White immediately transitioned into Tapping Terri when reminiscing about musical gigs early in her career. In 1976, she appeared in the off-Broadway show, The Club (Tommy Tune's directorial debut), in which an all-woman cast dressed as men sang lascivious songs in a turn-of-the-20th century gentleman's club. White did a nifty little tap during "If Money Talks (It Ain't On Speakin' Terms With Me)," and followed with another dance break on a swinging arrangement of "It Don't Mean A Thing," from Bubbling Brown Sugar. At the end of the number, White plunked herself down in a chair, unlaced the tap shoes and to the delight of the audience admitted, "I'm glad that shit is over." No doubt she was, but she still appeared to love every second proving that she could still hoof it across a stage.

White is at her best on power Broadway ballads with nuance that she can inject with slight touches of blues or jazz. That she doesn't push any particular style too hard makes her renditions extremely accessible. On Stephen Sondheim's "Being Alive" from Company (which sounded like White's emotional tribute to her wife of four years, and de-facto business manager, Donna Barnett), and Quincy Jones and Bernard Ighner's "Everything Must Change" (one of White's go-to numbers and what could be the theme song of her documentary), the audience at a packed 54 Below heard exactly what it sounds like when a great singer brings total commitment to a lyric. White followed with the "show stopping" section of the show, a medley filled with--what else?--her own history of singing show stoppers. White offered a mini-musical theater history lesson on four of her best known Broadway solos: "Necessity" from Finian's Rainbow, "When Your Good To Mama" from Chicago, "Who's That Woman" from Follies (see video, below), and "Thank God, I'm Old" from Barnum. You could definitely believe Terri when she sang this lyric for the first time 34 years ago and again last week:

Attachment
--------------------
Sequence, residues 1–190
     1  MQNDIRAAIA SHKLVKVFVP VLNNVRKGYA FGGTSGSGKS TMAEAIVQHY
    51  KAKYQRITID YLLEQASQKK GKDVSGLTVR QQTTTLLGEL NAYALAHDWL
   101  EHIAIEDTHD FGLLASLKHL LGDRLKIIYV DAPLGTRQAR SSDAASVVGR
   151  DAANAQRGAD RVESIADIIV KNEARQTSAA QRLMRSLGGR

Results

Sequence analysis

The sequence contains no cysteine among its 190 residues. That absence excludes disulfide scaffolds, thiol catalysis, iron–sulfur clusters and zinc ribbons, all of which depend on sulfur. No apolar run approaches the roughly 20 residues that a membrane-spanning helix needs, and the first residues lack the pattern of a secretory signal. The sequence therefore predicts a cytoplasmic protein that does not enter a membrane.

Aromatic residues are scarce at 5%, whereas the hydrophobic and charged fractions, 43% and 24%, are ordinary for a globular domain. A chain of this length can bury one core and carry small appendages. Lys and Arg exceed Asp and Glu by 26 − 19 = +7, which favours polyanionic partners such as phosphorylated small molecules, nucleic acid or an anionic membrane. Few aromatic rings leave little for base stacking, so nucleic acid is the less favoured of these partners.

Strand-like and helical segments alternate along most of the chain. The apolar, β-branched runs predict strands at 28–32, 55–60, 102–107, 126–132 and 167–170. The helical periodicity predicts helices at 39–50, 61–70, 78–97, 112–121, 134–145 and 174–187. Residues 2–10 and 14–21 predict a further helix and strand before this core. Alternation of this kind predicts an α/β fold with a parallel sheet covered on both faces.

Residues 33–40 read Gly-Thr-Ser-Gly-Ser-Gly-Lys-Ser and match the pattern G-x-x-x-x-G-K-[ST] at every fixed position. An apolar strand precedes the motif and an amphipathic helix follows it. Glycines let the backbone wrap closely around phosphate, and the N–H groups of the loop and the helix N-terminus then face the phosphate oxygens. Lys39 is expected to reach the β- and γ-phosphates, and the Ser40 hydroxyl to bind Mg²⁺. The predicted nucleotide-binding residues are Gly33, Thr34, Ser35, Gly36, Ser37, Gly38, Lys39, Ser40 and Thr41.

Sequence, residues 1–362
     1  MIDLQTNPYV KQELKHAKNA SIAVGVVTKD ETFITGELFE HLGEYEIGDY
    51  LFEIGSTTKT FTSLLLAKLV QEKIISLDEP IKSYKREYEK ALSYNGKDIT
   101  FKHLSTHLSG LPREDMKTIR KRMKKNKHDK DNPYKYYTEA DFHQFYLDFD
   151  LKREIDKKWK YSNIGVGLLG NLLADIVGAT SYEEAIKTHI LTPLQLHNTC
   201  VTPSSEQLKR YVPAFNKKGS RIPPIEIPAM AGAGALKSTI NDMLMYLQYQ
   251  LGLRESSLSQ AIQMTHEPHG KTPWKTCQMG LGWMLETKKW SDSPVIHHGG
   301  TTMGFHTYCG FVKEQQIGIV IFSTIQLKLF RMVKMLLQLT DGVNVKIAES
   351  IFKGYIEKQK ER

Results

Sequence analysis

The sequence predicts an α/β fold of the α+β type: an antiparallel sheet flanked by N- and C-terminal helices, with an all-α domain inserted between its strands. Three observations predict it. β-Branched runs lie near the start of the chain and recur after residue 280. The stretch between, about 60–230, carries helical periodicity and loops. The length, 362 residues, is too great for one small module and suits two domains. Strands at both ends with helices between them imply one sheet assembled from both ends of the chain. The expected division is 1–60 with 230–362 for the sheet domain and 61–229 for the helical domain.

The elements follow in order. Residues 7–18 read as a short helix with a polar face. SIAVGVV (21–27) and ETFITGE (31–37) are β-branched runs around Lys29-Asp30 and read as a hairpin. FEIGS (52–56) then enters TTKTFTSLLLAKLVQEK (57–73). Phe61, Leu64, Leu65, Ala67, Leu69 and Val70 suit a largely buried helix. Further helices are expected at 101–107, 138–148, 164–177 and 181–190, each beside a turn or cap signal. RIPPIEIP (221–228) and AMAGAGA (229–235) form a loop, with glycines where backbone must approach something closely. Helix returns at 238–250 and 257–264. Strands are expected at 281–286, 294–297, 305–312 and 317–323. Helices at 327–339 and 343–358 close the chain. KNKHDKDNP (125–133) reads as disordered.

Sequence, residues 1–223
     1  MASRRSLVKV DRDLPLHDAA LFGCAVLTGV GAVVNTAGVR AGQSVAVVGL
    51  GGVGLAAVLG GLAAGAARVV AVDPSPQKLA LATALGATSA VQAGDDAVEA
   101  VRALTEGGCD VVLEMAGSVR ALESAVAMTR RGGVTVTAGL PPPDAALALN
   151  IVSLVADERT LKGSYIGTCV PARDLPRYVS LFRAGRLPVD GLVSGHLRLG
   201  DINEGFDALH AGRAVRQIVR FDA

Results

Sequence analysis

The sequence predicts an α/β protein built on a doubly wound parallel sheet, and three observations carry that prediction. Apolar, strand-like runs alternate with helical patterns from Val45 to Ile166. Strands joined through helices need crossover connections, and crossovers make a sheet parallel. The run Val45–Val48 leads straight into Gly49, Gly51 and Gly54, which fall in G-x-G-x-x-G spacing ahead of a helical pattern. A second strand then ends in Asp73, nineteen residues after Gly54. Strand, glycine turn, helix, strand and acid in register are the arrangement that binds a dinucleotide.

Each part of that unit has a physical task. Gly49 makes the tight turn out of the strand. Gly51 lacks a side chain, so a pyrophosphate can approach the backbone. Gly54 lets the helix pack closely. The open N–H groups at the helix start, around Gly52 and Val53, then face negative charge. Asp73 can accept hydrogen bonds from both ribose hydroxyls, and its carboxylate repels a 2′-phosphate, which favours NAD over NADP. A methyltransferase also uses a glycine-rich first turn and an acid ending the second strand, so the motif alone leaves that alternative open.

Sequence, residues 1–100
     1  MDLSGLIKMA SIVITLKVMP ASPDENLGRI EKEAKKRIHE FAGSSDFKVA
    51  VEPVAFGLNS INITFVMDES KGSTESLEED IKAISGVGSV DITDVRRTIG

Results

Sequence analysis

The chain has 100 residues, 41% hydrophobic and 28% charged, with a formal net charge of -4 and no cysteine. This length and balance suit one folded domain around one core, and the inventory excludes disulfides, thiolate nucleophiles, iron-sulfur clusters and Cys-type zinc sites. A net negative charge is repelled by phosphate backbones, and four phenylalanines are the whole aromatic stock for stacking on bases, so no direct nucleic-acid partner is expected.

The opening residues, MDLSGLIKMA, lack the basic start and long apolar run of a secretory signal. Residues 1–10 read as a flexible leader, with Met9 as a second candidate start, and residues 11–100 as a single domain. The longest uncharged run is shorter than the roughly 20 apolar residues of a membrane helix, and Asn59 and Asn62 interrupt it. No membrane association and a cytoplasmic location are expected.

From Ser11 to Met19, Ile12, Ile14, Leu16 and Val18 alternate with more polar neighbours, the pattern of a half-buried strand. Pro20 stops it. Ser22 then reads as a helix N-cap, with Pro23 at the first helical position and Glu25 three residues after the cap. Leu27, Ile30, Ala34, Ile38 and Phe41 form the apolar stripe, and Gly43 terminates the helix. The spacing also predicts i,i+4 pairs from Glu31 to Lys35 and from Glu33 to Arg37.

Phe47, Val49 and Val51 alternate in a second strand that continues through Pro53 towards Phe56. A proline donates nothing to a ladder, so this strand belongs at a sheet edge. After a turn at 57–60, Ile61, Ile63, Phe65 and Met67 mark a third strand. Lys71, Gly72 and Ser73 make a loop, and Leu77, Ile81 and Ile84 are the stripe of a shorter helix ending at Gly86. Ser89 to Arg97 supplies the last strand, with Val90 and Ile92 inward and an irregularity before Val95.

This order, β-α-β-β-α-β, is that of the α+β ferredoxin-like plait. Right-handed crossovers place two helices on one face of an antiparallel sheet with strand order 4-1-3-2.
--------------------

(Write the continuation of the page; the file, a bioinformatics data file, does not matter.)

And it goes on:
Daddy time he
Doesn't fret me
Should he spy me
That don't upset me
Let him eye me
Come and get me
That's fine by me
Age don't worry me